ON THE ROAD IN OKLAHOMA -- Just when you think the negotiations over the proposed restoration of Wrigley Field couldn't get any weirder, along comes 44th Ward Ald. Tom Tunney with this proposal; I can't describe it as anything but bizarre. (Well, I could, but you get the idea. This was fanshotted Wednesday, but I thought it deserved front-page treatment.)
Tunney today noted the team owns a gravel lot near Clark and Grace streets, and said the Ricketts family could build a multi-level garage there to hold hundreds of cars. "They have a big lot, a cemetery lot, that if you look at Google is as big as the stadium," Tunney said. "Can they build on that?" "Building is expensive, I understand that, but it's also part of the neighborhood concerns," he added. "They're exploring all their options here," Tunney said when asked if Cubs officials are amenable to building a garage at Clark and Grace. "And I think primarily from the combination of certain additions in the community and a more robust remote parking plan."
Will some of you who live in the 44th Ward (and the nearby 46th, too) please let Ald. Tunney know that the very last thing the neighborhood needs is more cars? If you are not familiar with the lot that Tunney refers to in the Tribune article linked above, it's about half a block east of Clark Street on Grace. The Cubs refer to their parking lots by color and for the life of me, I can't remember what color that one is. Anyway, Ald. Tunney, are you freaking kidding me? You want possibly 1,000 or 1,500 more cars on streets that are clogged with traffic before and after Cubs games? How do you think the neighborhood will respond to that?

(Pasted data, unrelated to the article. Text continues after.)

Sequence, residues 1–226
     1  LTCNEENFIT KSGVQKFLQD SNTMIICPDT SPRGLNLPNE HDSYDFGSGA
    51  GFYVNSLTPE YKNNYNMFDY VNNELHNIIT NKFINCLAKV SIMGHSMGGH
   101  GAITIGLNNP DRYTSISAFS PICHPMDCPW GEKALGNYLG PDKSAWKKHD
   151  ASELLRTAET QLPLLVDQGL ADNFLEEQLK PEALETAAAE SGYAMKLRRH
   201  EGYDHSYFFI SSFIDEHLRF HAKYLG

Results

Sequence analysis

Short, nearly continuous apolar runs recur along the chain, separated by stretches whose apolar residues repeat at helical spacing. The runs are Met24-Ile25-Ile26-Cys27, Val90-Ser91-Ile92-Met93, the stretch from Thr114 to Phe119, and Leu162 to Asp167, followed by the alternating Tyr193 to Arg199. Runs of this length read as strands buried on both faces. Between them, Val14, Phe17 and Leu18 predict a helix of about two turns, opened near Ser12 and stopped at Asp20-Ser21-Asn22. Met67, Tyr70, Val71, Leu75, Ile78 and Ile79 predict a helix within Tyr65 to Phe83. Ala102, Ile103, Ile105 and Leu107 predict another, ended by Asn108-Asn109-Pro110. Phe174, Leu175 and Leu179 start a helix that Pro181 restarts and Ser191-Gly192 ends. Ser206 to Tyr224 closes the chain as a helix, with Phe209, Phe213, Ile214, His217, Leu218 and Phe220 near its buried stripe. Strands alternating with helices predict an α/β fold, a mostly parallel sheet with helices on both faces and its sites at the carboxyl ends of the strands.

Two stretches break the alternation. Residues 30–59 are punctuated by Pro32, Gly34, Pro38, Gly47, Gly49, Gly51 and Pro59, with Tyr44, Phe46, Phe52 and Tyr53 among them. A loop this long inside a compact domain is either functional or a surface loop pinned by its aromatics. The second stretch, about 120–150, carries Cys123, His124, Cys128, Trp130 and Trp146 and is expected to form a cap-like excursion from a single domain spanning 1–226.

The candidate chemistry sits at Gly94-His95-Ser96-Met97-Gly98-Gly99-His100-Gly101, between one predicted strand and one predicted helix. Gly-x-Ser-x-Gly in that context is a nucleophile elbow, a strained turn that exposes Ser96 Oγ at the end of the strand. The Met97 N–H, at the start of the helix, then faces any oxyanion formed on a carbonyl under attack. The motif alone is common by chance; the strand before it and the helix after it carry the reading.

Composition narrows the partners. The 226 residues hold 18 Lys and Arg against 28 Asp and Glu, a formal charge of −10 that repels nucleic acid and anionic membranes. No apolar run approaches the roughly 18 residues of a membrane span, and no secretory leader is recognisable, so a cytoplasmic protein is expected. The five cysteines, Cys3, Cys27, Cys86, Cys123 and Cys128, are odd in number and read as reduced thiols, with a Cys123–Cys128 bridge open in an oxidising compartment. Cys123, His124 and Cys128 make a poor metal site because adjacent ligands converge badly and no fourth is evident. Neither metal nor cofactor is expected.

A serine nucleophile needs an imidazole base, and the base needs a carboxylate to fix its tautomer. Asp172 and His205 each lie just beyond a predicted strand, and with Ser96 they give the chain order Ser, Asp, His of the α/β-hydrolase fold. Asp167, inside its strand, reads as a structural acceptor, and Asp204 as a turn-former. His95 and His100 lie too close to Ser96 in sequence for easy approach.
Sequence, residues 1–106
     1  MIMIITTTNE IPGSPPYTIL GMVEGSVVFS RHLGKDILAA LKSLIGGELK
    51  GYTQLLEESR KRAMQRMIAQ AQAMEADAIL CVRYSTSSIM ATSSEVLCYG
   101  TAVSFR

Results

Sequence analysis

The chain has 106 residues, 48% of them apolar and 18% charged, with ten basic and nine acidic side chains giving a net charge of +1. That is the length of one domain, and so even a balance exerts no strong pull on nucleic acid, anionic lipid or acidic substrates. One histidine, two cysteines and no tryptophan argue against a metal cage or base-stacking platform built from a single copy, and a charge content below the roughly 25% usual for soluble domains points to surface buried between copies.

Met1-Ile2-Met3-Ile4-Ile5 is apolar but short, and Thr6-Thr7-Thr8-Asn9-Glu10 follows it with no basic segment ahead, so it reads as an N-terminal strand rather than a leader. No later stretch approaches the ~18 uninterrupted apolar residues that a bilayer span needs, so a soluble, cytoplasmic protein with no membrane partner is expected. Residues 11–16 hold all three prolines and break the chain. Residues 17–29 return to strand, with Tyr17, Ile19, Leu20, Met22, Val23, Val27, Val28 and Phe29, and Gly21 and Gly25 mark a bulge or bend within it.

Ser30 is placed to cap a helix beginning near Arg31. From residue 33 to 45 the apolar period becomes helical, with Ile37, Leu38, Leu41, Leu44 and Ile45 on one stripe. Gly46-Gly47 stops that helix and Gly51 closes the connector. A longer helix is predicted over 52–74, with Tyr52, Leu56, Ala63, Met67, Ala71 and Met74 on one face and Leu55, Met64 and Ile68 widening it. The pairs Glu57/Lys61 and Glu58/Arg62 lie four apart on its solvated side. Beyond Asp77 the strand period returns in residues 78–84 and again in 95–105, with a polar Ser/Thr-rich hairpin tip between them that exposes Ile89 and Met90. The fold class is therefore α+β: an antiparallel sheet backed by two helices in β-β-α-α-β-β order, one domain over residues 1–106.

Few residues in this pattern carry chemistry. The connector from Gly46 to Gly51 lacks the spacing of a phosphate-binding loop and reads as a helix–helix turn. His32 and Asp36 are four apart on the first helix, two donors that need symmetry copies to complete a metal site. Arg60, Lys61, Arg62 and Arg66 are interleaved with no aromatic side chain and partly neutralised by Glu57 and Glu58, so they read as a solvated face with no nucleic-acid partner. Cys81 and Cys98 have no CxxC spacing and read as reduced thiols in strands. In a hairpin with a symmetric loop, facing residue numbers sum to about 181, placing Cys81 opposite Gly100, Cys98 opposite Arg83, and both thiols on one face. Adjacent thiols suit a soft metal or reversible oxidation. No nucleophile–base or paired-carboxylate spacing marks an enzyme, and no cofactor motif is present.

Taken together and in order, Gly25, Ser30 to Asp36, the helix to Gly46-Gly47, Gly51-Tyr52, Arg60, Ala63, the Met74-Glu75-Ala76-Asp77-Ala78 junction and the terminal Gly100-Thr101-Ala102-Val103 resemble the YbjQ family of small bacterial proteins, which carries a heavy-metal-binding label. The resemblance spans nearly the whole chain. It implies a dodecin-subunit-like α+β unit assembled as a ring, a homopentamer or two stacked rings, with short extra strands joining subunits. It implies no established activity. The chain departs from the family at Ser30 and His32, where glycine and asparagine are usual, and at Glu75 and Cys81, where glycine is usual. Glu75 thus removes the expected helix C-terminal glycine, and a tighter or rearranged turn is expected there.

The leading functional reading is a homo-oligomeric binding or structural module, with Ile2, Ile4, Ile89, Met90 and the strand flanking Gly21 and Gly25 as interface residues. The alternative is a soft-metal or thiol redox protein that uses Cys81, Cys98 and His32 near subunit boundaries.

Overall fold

Ald. Tunney, let me give you my completely unsolicited advice. You're way out of your league here, to use a baseball metaphor. You might be competent to advise and consent on a storefront business coming into your ward, but the Cubs are proposing a $500 million deal, if you add up the proposed dollars for the Wrigley renovation and the hotel they're talking about at the corner of Clark and Addison. (Which, incidentally, would bring far less traffic than a huge parking garage in the middle of a residential neighborhood.)
There's another article by David Kaplan at CSN Chicago also mentioning that Tunney is "playing hardball". Why would you do that? Why would you try to chase away a business that brings so much business to your ward? Frankly, Tunney doesn't have any idea what he's doing.
Tunney did have a somewhat better idea, proposing the Cubs offer free parking in remote lots. Where those would be, would have to be determined. You'd probably have to get them sponsored by someone in order for such a thing to be viable. The Cubs already offer some remote parking about two miles from Wrigley at DeVry Institute at Belmont and Western; it's not expensive, but the distance is difficult. I'm not sure there's really anywhere to have such a parking lot or garage that would hold enough cars close enough to Wrigley to be viable.
Tunney and the Cubs should be more strongly encouraging people to use public transportation, and increasing the options for those. More trains and more buses during ballgame hours, perhaps some incentives on price for game ticket holders, would keep people out of their cars and really help the neighborhood by reducing, instead of increasing, car traffic.
A parking garage at Grace and Clark. Wow. Talk about dumb ideas.